Why does music move us?

In preparation for tomorrow’s event at the Exploratorium, where I will be part of a discussion circle on why music moves us, I have been studying how music affects us from a biological and scientific standpoint. One article that really stood out to me was written by David Byrne for the Smithsonian Magazine.

The article makes an interesting point of illuminating how our state of mind sympathizes with the sounds we hear, and has developed from the evolutionary skill of survival into a mode of passive communication between living beings. Additionally, Byrne tackles the idea that music is returning to a more “natural” state, where it is being generated by the universe spontaneously, rather than being expressed specifically by individuals. Check it out! If you are interested by music, this is a fantastic read!

http://www.smithsonianmag.com/arts-culture/How-Do-Our-Brains-Process-Music-169360476.html

One thought on “Why does music move us?

  1. Bernd Willimek

    Music and Emotions

    The most difficult  problem in answering the question of how music creates emotions is likely to be the fact that assignments of musical elements and emotions can never be defined clearly. The solution of this problem is the Theory of Musical Equilibration. It says that music can't convey any emotion at all, but merely volitional processes, the music listener identifies with. Then in the process of identifying the volitional processes are colored with emotions. The same happens when we watch an exciting film and identify with the volitional processes of our favorite figures. Here, too, just the process of identification generates emotions.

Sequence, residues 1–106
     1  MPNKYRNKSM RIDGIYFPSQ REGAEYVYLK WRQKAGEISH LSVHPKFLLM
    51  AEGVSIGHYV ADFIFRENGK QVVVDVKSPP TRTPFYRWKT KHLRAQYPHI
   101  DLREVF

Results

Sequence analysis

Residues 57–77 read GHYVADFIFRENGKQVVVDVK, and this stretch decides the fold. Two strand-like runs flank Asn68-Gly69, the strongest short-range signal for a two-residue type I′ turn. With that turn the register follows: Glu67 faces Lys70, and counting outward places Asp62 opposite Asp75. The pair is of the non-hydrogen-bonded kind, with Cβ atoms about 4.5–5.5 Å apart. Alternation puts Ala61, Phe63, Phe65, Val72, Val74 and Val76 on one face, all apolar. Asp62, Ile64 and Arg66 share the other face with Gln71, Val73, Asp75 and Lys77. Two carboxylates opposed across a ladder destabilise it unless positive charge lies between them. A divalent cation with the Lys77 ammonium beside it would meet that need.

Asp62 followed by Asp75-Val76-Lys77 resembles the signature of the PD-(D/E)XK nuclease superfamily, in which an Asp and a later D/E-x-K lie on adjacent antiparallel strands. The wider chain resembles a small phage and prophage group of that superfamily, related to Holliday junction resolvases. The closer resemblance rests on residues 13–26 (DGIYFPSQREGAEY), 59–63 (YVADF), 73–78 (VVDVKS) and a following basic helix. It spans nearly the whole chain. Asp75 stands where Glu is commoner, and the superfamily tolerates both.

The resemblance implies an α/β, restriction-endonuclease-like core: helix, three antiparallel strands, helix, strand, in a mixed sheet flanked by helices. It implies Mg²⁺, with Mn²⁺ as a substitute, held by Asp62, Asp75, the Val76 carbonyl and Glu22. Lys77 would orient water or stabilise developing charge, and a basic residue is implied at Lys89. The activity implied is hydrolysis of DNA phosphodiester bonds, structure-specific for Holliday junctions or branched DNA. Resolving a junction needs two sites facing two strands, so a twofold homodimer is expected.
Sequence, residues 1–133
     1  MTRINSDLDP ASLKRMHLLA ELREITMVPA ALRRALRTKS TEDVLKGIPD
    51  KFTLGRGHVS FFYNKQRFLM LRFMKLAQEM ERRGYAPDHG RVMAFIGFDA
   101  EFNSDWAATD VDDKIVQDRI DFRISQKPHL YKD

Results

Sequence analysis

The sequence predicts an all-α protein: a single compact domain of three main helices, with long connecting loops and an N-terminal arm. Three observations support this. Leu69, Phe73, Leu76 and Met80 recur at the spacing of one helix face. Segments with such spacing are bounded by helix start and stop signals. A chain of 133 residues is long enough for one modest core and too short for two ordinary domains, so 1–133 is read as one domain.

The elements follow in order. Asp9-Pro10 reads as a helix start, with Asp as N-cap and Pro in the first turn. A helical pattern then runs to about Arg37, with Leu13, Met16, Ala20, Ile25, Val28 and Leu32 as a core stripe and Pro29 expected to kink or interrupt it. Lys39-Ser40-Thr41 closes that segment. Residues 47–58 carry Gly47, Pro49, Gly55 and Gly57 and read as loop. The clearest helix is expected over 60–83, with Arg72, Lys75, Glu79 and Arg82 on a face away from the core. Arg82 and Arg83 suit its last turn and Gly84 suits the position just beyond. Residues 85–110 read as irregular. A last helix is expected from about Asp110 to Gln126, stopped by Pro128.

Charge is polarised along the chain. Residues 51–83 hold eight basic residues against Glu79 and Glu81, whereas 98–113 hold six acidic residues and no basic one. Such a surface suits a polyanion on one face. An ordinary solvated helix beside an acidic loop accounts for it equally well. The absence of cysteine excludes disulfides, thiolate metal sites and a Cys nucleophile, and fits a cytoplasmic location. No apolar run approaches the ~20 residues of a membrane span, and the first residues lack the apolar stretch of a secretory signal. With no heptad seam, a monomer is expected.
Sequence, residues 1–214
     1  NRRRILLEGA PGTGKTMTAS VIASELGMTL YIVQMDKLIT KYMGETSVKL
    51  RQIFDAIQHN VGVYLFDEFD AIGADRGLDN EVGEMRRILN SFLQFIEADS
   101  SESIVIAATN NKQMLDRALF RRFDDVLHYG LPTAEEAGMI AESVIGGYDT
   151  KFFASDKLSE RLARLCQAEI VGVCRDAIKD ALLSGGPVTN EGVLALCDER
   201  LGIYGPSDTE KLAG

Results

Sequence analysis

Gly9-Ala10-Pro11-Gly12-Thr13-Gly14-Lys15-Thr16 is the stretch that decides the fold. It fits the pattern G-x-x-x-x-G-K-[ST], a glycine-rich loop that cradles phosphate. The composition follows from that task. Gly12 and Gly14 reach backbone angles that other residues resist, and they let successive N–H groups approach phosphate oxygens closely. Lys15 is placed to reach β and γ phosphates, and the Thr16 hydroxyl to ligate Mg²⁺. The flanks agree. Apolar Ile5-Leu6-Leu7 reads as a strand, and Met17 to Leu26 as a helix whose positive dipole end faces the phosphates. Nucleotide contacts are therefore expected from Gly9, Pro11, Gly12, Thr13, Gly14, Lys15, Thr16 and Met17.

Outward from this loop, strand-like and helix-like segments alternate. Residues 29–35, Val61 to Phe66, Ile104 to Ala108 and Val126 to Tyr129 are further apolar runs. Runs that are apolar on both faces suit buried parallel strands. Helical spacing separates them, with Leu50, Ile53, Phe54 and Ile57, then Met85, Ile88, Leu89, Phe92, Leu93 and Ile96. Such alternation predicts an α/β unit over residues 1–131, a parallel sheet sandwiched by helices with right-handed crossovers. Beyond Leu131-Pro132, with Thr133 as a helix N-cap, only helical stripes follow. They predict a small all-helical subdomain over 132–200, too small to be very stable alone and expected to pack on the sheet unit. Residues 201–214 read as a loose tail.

An example: If you perceive a major chord, you normally identify with the will "Yes, I want to…". If you perceive a minor chord, you identify normally with the will "I don't want any more…". If you play the minor chord softly, you connect the will "I don't want any more…" with a feeling of sadness. If you play the minor chord loudly, you connect the same will with a feeling of rage. You distinguish in the same way as you would distinguish, if someone would say the words "I don't want anymore…" the first time softly and the second time loudly.
    Because this detour of emotions via volitional processes was not detected, also all music psychological and neurological experiments, to answer the question of the origin of the emotions in the music, failed.

    But how music can convey volitional processes? These volitional processes have something to do with the phenomena which early music theorists called "lead", "leading tone" or "striving effects". If we reverse this musical phenomena in imagination into its opposite (not the sound wants to change – but the listener identifies with a will not to change the sound) we have found the contents of will, the music listener identifies with. In practice, everything becomes a bit more complicated, so that even more sophisticated volitional processes can be represented musically.
     
    Further information is available via the free download of the e-book "Music and Emotion – Research on the Theory of Musical Equilibration:
     
    http://www.willimekmusic.de/music-and-emotions.pdf
     
    or on the online journal EUNOMIOS:
     
    http://www.eunomios.org
     
    Enjoy reading
     
    Bernd Willimek
     
     
     
     

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